Strategic Arms Limitation Talks (SALT)
Nixon and the Supreme Court
‘judicial activism’ Chief Justice Earl Warren
Griswold v. Connecticut, 1965—protection of women’s abortion rights Gideon v. Wainwright, 1963—criminal cases entitled to counsel Miranda rights Warren E. Burger—Nixon’s appointee to the S.C…. by 1971, Nixon appointed 4 conservatives Roe v. Wade, 1973 Nixon and homefront Food StampsMedicaid Continuation of Great Societies attack on poverty
Environmental Protection Agency (EPA), 1970
Occupational Health and Safety Administration (OSHA)
Rachel Carson’s Silent Spring (1962)—influenced environmental reform Clean Air Act, 1970Endangered Species Act, 1973 Election of 1972 “Peace is at hand”Nixon wins by a landslide Paris Peace Conference—four conditions
Committee for the Re-Election of the President (CREEP)
Use of FBI, CIA and IRS (Internal Revenue Service)
V.P. Agnew resigns
White House tapes
Archibald Cox—special prosecutor
House Judiciary Committee and tapes
U.S. v. Nixon (1974)—executive privilege did not extend to taped conversations Nixon’s resignation 8 August 1974 Ford as first Unelected President Pardon of Nixon War Powers Resolution
Secret bombings in Cambodia
War Powers Resolution
Middle East Crisis
Egyptian-Syrian Israel War 1973
Energy crisisAlaska oil pipeline
Organization of Petroleum Exporting Countries (OPEC)
International Energy Agency, 1974—big cars, gas slobs
Dark horse president
Panama Canal to Panama
Double digit inflation
Energy crusade to end gas guzzling cars
Mohammed Reza Pahlevi
Carter and Brezhnev SALT II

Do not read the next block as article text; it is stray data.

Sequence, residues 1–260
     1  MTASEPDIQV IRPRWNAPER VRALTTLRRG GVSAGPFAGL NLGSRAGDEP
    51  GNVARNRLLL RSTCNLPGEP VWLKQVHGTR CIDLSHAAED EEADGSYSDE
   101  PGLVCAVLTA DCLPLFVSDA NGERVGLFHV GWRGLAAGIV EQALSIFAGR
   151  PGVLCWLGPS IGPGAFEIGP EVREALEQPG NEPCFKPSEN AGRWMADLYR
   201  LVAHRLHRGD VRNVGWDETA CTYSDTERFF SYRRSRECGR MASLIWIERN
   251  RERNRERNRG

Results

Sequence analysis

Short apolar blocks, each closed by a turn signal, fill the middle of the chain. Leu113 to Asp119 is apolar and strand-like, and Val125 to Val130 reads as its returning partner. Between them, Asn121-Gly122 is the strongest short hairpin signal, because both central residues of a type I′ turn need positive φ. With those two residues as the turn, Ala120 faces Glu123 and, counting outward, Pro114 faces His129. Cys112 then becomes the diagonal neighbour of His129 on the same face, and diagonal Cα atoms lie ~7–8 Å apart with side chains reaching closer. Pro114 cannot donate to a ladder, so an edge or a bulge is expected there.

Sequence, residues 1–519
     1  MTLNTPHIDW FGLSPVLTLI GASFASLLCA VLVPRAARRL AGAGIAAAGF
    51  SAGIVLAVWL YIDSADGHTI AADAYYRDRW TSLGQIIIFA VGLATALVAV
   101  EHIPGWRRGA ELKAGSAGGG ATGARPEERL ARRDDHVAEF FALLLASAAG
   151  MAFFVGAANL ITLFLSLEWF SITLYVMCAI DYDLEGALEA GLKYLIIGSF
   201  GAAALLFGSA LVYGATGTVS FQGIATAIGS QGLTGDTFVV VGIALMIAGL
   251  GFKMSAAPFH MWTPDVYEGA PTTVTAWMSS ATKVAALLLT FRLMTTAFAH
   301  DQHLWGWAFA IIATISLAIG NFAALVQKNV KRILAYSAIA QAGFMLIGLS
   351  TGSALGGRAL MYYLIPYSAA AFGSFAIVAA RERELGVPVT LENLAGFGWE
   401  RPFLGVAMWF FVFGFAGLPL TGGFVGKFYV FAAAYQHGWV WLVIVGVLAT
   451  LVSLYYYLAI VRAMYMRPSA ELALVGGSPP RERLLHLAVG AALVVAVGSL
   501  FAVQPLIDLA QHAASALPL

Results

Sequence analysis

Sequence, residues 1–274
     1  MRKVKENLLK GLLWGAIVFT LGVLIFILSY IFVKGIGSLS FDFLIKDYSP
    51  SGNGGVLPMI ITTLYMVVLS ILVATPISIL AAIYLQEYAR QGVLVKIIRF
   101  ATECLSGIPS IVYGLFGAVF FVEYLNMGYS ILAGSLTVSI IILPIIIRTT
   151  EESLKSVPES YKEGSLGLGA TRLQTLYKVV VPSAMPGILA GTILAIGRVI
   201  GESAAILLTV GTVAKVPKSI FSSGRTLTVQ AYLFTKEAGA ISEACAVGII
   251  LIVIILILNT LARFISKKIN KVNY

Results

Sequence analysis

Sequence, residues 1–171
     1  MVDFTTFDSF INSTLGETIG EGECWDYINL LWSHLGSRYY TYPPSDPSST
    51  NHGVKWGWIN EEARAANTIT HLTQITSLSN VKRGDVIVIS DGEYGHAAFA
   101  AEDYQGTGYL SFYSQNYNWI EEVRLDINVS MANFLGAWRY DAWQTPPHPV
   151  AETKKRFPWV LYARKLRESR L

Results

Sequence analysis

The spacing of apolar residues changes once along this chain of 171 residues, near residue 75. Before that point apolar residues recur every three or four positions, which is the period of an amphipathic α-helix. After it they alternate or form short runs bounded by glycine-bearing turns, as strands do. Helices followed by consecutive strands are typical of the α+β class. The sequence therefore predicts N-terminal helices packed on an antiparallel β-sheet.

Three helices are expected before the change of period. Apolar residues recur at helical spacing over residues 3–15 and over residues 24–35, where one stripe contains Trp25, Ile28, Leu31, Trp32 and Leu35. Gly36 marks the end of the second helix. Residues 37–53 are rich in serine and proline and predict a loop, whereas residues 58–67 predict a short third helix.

Teheran, Iran hostage crisis Ayatollah Ruhollah Khomeini Past AP test questions
1. In the period since 1945, the Republican Party, as represented in the administrations of Dwight D. Eisenhower (1953-1961) and Richard Nixon (1969-1974), virtually abandoned the opposition to the New Deal it expressed during the 1930s. Assess the validity of this generalization. (FRQ, 1975)
2. Greater similarities than differences have characterized the experiences of all ethnic and racial groups who have migrated to American cities. Assess the validity of this generalization with reference to the Irish and Germans from the 1840s to the 1890s and Black Americans from 1915-1970. (FRQ, 1975)
3. Compare the goals and strategies of Black reform movements in the period 1890-1910 to the goals and strategies of Black reform movements in the period 1950-1970. (FRQ, 1982)
4. Shifts in party control of the presidency during the twentieth century have typically not brought major shifts in domestic policy. Assess the validity of this statement. Illustrate your argument by discussing the extent to which TWO of the following Presidents adopted the domestic programs of the previous presidential administrations given in the parenthesis beneath their names. (FRQ, 1983)
a. Woodrow Wilson
(Administrations of William H. Taft and Theodore Roosevelt) b. Franklin D. Roosevelt (Administration of Herbert Hoover) c. Dwight D. Eisenhower (Administrations of Harry S Truman and Franklin D. Roosevelt) d. Richard M. Nixon (Administrations of Lyndon B. Johnson and John F. Kennedy)
5. In 1945 Winston Churchill said that the United States stood at the summit of the world. Discuss the development in the thirty years following Churchill’s speech which called the global preeminence of the United States into question. (FRQ, 1992)
6. Assess the success of the United States policy of containment in Asia between 1945 and 1975. (FRQ, 1999)
APUSH Study Guide 40
The Re-Emergence of Conservatism: 1980 to present
Leading a conservative movement to power in Washington, Ronald Reagan vigorously pursued “new right” economic and social policies. Under Reagan and his successor George Bush, these policies brought both economic growth and massive deficits that put severe strains on the federal government
The 1980s saw a revival of Cold War confrontation, but the decade ended with the collapse of Communism, first in Eastern Europe than in the Soviet Union itself. With the end of the Cold War and the U.S.-led victory over Iraq in the Persian Gulf War, America remained the world’s only superpower, and struggled to define a new foreign policy in a world still troubled by violence and political-economic conflicts in Europe, the Middle East, and Asia.